In the United States, Warner Brothers put the group on high priority, and made the move to invest significant money in a revolutionary video for "Take on Me" using the audio version produced by Tarney. The single was released in the United States a month after the music video, and immediately appeared in the Billboard Hot 100.[2]

Magne played the main melody on a Roland Juno-60 "MIDI'd up" to a Yamaha DX7. The drum machine used on the second and third releases (rotoscoped video version) was a Linn LinnDrum - Paul overdubbed real cymbals and hi-hat using this drum machine. Morten sang "Take on Me" using a Neumann U47 microphone as well as a Neve microphone pre-amp and Neve equaliser.[3]

Allmusic journalist Tim DiGravina described "Take on Me" as being "a new wave classic laced with rushing keyboards, made emotionally resonant thanks to Morten Harket's touching vocal delicacy."[4]

Composition[edit]

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A 23 second sample from "Take on Me," featuring Harket's high-pitched falsetto, with a backing track that mixes acoustic guitars and electronic instrumentation.

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"Take on Me" is a synthpop song that includes acoustic guitars, keyboards, and synthesizers.[5][6] It moves at a very quick tempo of 170 beats per minute.[7] The lyrics are a plea for love,[8] and are constructed in a verse-chorus form with a bridge before the third and final chorus. In the song, Harket demonstrates a vocal range of over two and a half octaves.[7] He sings the lowest pitch in the song, A2, at the beginning of the chorus, on the first syllable of the phrase "Take on me."[7]

As the chorus progresses, Harket's voice hits ever higher notes, reaching a falsetto[5][9][10] and hitting the song's highest note (E5) at the end.[7] There is a temporary change of markings in the drum pattern in the chorus, where for two bars the drums play in half time, returning to the same rhythm as before for the climax of the vocal line. A mix of drums,[11][12] acoustic guitars and electronic instrumentation serves as the song's backing track.[5]

Music video[edit]

Lead singer Morten Harket and actress Bunty Bailey in a scene from the music video, which features them in a pencil-sketch animation / live-action combination called rotoscoping.

The first release of "Take on Me" in 1984 includes a completely different recording, and was featured in the first video, which shows the band singing with a blue background. The second video was directed by Steve Barron, and filmed at Kim's Café and on a sound stage in London, in 1985.[13] The video used a pencil-sketch animation / live-action combination called rotoscoping,[14] in which the live-action footage is traced-over frame by frame to give the characters realistic movements.[14][15] Approximately 3,000 frames were rotoscoped, which took 16 weeks to complete.[16][17]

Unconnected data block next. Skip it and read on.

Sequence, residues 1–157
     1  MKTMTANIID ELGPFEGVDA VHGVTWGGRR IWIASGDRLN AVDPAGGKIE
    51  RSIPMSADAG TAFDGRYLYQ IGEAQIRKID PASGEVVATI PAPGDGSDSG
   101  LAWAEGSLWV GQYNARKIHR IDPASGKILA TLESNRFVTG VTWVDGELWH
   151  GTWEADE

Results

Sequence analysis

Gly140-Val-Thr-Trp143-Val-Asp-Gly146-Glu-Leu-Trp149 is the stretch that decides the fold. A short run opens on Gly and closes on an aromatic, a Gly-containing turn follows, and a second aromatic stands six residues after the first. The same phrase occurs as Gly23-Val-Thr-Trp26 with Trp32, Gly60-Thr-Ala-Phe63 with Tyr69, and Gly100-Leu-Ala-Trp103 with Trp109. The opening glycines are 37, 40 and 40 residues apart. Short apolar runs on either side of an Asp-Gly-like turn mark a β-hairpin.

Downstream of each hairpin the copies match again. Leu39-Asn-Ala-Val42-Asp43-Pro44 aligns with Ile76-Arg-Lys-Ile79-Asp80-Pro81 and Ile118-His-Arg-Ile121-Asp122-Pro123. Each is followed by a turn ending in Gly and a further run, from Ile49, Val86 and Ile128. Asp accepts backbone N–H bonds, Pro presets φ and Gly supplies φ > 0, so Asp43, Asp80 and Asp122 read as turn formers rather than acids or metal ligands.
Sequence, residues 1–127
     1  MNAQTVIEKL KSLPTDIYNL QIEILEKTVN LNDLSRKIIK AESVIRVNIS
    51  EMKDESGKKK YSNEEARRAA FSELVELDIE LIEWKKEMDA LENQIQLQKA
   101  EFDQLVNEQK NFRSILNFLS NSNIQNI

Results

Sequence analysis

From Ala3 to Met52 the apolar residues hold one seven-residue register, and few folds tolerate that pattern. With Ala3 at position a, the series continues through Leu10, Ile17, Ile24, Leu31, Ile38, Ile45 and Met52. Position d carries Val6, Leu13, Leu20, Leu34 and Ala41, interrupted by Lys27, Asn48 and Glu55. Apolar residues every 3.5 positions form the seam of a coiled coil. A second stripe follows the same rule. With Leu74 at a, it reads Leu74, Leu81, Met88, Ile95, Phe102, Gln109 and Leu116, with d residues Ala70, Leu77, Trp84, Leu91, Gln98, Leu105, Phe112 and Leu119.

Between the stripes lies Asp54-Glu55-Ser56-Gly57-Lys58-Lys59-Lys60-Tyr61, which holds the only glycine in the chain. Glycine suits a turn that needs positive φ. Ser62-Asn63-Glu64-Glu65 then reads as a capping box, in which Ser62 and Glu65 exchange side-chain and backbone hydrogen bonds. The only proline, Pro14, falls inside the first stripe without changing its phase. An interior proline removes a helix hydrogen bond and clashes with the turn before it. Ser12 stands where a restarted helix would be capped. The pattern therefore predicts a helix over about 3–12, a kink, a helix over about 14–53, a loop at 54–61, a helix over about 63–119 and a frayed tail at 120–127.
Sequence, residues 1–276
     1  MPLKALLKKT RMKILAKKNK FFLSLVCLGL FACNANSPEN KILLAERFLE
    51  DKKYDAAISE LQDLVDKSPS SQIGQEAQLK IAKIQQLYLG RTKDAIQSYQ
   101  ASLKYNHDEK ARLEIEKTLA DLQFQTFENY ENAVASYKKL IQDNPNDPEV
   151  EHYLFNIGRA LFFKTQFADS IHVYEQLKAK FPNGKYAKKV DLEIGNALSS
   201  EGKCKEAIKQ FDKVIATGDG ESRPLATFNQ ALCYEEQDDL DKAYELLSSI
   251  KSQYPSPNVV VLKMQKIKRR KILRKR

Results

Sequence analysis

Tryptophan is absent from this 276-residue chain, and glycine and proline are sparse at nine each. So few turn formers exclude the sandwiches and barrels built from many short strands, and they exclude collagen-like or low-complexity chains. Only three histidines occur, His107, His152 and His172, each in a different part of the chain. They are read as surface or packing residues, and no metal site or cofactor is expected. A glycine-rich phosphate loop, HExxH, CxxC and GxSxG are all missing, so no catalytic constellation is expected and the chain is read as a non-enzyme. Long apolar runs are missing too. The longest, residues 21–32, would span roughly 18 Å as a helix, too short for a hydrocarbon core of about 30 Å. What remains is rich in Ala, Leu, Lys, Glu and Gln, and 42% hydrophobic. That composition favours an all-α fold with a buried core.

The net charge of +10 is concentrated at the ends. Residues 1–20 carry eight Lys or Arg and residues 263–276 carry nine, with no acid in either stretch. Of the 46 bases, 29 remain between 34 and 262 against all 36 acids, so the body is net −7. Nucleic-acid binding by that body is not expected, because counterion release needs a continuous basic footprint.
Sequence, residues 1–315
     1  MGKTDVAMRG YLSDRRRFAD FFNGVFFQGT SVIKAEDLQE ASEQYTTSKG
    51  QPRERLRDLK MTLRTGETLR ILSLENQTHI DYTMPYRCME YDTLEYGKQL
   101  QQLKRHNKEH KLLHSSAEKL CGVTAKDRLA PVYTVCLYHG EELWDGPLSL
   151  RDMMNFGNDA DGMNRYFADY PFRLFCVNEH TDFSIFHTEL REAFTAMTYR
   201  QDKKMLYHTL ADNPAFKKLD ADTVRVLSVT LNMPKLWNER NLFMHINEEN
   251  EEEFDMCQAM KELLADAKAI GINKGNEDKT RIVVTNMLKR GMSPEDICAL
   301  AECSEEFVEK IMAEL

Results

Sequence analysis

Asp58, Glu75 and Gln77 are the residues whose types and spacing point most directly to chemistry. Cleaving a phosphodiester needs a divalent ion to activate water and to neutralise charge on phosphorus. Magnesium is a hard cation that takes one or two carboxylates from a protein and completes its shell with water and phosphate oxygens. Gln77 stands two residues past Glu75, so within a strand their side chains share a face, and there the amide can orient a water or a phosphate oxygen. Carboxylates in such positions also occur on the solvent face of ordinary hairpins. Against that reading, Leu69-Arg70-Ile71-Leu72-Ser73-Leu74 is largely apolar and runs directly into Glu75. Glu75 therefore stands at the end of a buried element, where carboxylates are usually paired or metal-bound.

The video's main theme is a romantic fantasy narrative.[18] It begins with a montage of pencil drawings in a comic book style representing motorcycle sidecar racing, in which the hero, played by Morten Harket, is pursued by two opponents, one of whom is played by English actor Philip Jackson. It then cuts to a scene in a cafe, in which a young woman, played by Bunty Bailey (Harket's girlfriend at the time),[13] is seen drinking coffee and reading the comic book in a coffee shop. As the girl reads, the waitress brings her the bill. The comic's hero, after winning the race, seemingly winks at the girl from the page. His pencil-drawn hand reaches out of the comic book, inviting the girl into it. Once inside, she too appears in the pencil-drawn form, as he sings to her and introduces her to his black-and-white world which features a sort of looking-glass portal where people and objects look real on one side and pencil-drawn on the other.

Meanwhile, back in the restaurant, the waitress returns to find that the girl is not there. Believing that the girl has left without paying the bill, she angrily crumples and throws the girl's comic book into a bin. This makes Harket's two opposing racers reappear, armed with a large pipe wrench and apparently aggressive. The racers smash the looking glass with the pipe wrench, evidently trapping the girl in the comic book. Harket punches one of the thugs and retreats with the girl into a maze of paper. Arriving at a dead end, he tears a hole in the paper wall so that the girl can escape as the menacing opposing racers close in on him. The girl, now back in the real world and found lying beside the bin to the surprise of restaurant guests and staff, grabs the comic from the bin and runs home, where she attempts to smooth out the creases to learn what happens next.